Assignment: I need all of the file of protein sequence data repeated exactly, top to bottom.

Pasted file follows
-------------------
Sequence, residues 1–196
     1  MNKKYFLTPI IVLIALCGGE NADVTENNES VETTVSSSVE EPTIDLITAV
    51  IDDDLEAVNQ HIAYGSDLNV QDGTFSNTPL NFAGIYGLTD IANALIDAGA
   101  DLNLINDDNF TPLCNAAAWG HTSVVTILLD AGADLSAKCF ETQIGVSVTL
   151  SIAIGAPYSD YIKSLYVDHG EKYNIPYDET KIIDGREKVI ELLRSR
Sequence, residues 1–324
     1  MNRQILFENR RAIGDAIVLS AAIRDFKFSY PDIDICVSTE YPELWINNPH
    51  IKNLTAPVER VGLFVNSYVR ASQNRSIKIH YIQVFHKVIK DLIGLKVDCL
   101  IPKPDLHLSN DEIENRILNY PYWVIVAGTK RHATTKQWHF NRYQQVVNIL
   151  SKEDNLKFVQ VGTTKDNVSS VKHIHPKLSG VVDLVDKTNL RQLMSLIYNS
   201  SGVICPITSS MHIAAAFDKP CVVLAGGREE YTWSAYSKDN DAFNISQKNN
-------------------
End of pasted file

Sequence, residues 1–196
     1  MNKKYFLTPI IVLIALCGGE NADVTENNES VETTVSSSVE EPTIDLITAV
    51  IDDDLEAVNQ HIAYGSDLNV QDGTFSNTPL NFAGIYGLTD IANALIDAGA
   101  DLNLINDDNF TPLCNAAAWG HTSVVTILLD AGADLSAKCF ETQIGVSVTL
   151  SIAIGAPYSD YIKSLYVDHG EKYNIPYDET KIIDGREKVI ELLRSR
Sequence, residues 1–324
     1  MNRQILFENR RAIGDAIVLS AAIRDFKFSY PDIDICVSTE YPELWINNPH
    51  IKNLTAPVER VGLFVNSYVR ASQNRSIKIH YIQVFHKVIK DLIGLKVDCL
   101  IPKPDLHLSN DEIENRILNY PYWVIVAGTK RHATTKQWHF NRYQQVVNIL
   151  SKEDNLKFVQ VGTTKDNVSS VKHIHPKLSG VVDLVDKTNL RQLMSLIYNS
   201  SGVICPITSS MHIAAAFDKP CVVLAGGREE YTWSAYSKDN DAFNISQKNN